Last week, over 900 UAE residents, all over the age of 18, received a gift from the Government which will make a long-term difference to their lives: each was included on a list of people to be granted UAE citizenship because, although having fathers with another nationality, their mothers are Emirati.
President Sheikh Khalifa announced the change in the law, to allow children born to Emirati mothers and foreign fathers to obtain UAE citizenship once they reached the age of 18, on the 40th National Day in December. Over 1,100 candidates were included in the initial list of applicants; the latest list brings the total to over 2,000.
Only four months have passed since the change was announced, but it's been a fairly rapid process to approve applicants and I assume that a further list is in the process of preparation.
The benefits of becoming a UAE citizen are substantial. They include, for example, the right to free places in government higher educational institutions, the right to buy property outside zones where expatriates may buy, and the ability to seek help from the various Emiratisation programmes when looking for a job.
There is also the right to guaranteed residence without sponsorship from an employer for males, or from parents or husbands for females. As those born here to expatriate parents who have now become adults will know, this is something that offers a great sense of security.
There's another benefit too, less tangible, but, nonetheless of enormous significance. Almost all of these 2,000 or so new UAE citizens will have been born here and will have been brought up here. Regardless of the countries from which their fathers come, they will have considered the UAE to be their home, their country. Now it is, and they have the papers to prove it.
The decision to change the law on nationality was taken only after lengthy consideration, as is right and proper. The UAE is now one of only a very few countries in the Arab world where mothers are given the right to pass their nationality on to their children. Since those children have spent their lives here they should have no difficulty in identifying themselves as Emiratis, which should, obviously, be an important part of any citizenship process. I wish other countries did the same.
In terms of simple demographics, one can understand why the Government has decided to amend the rules. The latest official census statistics suggested that only around 11.5 per cent of the country's population are UAE citizens. Through this new regulation, something is being done in a concrete way to address that imbalance in terms of the citizenships of the country's residents.
Another important but little-noticed step being taken to deal with the potentially-explosive issue of the country's demographic make-up is the continuing process of assessing the legitimacy of the claims to UAE nationality of some of those living here who are stateless, the bidoon.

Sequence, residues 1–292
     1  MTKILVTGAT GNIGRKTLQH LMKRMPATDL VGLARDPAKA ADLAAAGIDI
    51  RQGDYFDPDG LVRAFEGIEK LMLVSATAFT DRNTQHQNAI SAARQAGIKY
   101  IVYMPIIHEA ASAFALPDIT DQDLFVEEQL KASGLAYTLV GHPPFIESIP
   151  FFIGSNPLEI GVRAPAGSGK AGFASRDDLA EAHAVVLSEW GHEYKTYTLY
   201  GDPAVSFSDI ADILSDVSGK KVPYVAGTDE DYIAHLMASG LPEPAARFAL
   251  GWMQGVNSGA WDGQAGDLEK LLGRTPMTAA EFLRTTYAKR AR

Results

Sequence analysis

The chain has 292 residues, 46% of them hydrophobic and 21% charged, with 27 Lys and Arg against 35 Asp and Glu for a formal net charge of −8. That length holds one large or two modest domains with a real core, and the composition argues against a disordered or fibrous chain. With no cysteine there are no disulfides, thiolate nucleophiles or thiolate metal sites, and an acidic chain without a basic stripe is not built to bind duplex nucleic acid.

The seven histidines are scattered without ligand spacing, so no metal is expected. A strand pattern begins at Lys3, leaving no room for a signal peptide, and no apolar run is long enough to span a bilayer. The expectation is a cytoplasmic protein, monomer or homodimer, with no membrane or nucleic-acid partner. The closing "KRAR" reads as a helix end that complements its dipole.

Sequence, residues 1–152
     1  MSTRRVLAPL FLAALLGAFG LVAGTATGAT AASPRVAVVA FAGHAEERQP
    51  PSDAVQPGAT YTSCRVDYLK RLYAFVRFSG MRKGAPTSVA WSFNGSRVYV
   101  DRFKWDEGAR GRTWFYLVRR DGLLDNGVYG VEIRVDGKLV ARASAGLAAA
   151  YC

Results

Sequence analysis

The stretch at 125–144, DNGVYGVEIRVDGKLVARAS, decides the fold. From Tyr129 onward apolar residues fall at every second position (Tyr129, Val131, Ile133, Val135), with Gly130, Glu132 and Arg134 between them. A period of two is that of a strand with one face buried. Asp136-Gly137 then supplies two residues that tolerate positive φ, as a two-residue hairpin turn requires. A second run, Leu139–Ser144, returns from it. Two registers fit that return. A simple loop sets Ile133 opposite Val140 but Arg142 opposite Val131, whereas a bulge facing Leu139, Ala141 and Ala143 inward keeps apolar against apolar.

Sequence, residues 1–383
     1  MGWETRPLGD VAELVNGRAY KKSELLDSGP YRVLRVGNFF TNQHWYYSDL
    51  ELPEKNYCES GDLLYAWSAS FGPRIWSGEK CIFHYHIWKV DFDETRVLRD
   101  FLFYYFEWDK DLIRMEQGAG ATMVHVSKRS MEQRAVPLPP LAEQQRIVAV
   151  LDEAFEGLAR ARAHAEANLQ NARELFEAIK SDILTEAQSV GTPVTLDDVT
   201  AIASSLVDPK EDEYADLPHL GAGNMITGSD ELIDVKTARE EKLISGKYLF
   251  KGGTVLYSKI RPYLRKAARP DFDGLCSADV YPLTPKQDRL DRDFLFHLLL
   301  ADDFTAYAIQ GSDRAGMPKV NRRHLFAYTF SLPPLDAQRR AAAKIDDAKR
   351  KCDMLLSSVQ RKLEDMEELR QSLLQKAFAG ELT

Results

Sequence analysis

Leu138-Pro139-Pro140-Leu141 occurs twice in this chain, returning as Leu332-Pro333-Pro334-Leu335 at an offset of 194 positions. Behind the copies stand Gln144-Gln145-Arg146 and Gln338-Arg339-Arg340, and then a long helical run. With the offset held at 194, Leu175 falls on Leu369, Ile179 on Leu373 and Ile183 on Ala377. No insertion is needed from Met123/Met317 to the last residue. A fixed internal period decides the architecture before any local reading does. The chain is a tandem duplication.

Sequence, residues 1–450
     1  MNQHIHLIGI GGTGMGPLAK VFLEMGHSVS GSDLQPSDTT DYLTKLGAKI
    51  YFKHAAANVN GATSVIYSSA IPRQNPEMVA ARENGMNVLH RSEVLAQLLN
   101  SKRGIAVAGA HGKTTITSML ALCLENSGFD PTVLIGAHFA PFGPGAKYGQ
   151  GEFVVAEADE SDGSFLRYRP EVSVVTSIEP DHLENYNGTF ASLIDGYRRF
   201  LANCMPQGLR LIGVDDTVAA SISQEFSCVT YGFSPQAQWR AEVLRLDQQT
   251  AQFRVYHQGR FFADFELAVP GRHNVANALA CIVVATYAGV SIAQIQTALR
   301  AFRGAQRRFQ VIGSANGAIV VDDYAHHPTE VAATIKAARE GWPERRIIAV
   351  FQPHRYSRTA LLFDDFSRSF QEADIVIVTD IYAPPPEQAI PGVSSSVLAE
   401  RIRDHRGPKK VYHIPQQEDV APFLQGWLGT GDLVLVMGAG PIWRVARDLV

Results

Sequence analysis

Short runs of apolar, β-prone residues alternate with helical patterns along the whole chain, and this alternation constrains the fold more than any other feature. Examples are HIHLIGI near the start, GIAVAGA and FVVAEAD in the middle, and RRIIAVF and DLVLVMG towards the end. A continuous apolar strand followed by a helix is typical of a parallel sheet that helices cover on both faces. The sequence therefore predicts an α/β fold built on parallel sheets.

Moreover, since the Government has long had a policy of enhancing the rights of UAE women and of working to ensure their legal and economic equality, the new policy can be viewed, rightly, as a simple extension of that process.
By all accounts, the process of assessing claims to UAE citizenship under the new law is proceeding smoothly (though I would imagine that there are quite a number of people who would like it to go a little more quickly). One female Emirati colleague of mine, for example, who is married to an expatriate from another Arab country, was discussing the issue with me a couple of weeks ago. She was eagerly awaiting the next list; her children, born and brought up here and all over 18, were the ones counselling patience. I hope they were on the second list!
Now that the system is working well, I do wonder, though, whether it's not time to consider a further amendment to the nationality law. Would it be too complex, too difficult, to extend it so that any children of an Emirati mother were entitled to citizenship at birth, rather than having to wait 18 years? They already grow up considering themselves to be at least half-Emirati, probably more, given the assumption that most will spend their formative years here, rather than overseas, in the country from which their fathers come.
There are many people with Emirati fathers and non-Emirati mothers who have already shown their dedication to the state, some serving in senior government positions. Those with Emirati mothers, rather than fathers, can certainly do the same.
Some conditions might perhaps be applied. For instance, it might be wise to consider a policy that those born overseas (save for those whose parents were on government service) should live in the UAE for a number of years with their parents before being qualified. Or perhaps there should be some consideration of the current marital status of the parents. But these are relatively minor details that could be worked out.
If part of the logic behind the change in the law announced by Sheikh Khalifa was the further empowerment of Emirati women, then there would seem to be little reason why it couldn't, at some stage, be further extended. There are thousands of youngsters and parents who would be delighted by the knowledge that they won't have to wait until they are 18 to become fully-fledged Emiratis and to contribute, as citizens, to the further development of the country with which they identify and which is their home.
Peter Hellyer is a social commentator specialising in Emirati heritage and culture